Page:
MEXICO CITY (Reuters) - Twelve people believed to be members of a self-defense group were killed in the western Gulf Coast state of Veracruz and their bodies dumped on a dirt road, local authorities said on Monday.
The bodies were found with their feet and hands bound, according to local media citing a police report on the incident in the volatile Las Choapas municipality.
The area is about 363 kilometers (225.5 miles) south of the port city of Veracruz, the state capital.
The Veracruz security ministry said in a statement the victims were “executed” and early reporting indicated they were members of “self-defense groups,” which have sprung up in Mexican regions riddled with drug cartel violence.
Cuitlahuac Garcia, the Governor of Veracruz, said initial reports indicate a split in one such self-defense group led to the violence.
“The abuses and threats between them caused a confrontation between them and had this unfortunate outcome,” Garcia said.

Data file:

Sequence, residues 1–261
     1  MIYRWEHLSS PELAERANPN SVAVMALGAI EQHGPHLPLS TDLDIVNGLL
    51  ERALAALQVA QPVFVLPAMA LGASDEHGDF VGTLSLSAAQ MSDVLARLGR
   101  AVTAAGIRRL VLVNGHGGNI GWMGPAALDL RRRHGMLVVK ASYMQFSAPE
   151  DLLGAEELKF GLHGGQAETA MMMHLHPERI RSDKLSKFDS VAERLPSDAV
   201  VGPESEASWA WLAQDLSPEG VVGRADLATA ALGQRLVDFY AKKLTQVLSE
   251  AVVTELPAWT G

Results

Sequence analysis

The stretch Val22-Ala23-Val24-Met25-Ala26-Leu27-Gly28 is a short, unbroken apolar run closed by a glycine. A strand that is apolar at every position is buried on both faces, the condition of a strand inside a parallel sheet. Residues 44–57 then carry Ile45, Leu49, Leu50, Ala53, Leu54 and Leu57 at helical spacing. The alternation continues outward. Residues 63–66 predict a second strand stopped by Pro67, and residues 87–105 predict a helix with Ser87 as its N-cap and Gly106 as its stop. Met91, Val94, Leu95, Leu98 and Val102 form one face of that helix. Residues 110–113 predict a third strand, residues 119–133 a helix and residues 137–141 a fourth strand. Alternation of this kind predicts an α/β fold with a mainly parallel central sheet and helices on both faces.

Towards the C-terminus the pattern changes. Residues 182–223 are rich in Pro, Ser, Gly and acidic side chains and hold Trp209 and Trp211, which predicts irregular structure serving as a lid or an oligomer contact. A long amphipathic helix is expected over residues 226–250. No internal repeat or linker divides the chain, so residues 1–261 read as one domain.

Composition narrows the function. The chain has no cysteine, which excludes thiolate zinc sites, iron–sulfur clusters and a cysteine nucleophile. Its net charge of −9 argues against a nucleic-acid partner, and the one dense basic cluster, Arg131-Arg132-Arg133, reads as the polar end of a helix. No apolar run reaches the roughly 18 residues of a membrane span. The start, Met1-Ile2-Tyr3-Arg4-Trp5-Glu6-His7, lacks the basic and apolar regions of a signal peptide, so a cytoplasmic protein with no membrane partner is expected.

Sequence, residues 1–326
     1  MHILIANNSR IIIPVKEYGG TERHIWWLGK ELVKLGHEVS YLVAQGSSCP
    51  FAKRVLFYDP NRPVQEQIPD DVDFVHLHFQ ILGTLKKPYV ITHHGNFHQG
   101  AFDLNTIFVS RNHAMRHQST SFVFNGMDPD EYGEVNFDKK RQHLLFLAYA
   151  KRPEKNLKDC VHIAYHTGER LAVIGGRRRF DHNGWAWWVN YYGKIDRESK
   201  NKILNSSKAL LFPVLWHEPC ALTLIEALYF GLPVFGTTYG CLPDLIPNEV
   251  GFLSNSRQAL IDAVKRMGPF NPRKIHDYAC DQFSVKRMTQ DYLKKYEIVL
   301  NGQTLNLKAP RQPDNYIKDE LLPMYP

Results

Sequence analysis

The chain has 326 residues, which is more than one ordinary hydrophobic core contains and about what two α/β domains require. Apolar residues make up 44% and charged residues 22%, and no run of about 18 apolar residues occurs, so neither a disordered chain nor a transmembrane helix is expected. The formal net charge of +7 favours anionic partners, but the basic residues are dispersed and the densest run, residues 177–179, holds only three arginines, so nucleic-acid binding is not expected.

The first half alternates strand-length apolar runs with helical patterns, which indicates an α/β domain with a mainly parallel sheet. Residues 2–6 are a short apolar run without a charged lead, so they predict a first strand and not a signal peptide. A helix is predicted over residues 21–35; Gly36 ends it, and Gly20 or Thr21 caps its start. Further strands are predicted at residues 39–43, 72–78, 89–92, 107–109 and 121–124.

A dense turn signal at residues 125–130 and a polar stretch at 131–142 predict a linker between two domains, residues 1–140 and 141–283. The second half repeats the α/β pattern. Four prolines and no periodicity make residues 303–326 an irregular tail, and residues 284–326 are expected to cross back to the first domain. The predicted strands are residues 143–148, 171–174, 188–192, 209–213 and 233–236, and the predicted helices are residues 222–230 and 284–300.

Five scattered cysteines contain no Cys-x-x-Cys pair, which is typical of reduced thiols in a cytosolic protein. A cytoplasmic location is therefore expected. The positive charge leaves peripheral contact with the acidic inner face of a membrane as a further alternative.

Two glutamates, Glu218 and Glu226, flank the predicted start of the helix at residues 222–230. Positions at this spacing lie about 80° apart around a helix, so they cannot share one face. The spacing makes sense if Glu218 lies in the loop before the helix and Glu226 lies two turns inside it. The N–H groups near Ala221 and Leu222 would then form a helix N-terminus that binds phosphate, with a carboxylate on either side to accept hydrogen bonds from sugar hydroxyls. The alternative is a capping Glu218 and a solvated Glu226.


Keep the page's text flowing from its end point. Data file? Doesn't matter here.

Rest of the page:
Self-defense groups are common in some parts of Mexico, where authorities have struggled to bring about law and order amid internecine cartel violence.
These vigilante forces have helped contain violence in some crime-stricken areas or shielded the local population. But some of them have also struck alliances with criminal gangs in exchange for weapons and protection, analysts say.
Authorities often accuse self-defense groups of being criminal organizations, or having deep ties with certain cartels.
In the first 11 months of last year, Veracruz was the eighth most violent state in Mexico, with 1,320 homicides recorded, according to federal authorities.
Reporting by Lizbeth Diaz; Writing by Drazen Jorgic; Editing by Bill Berkrot
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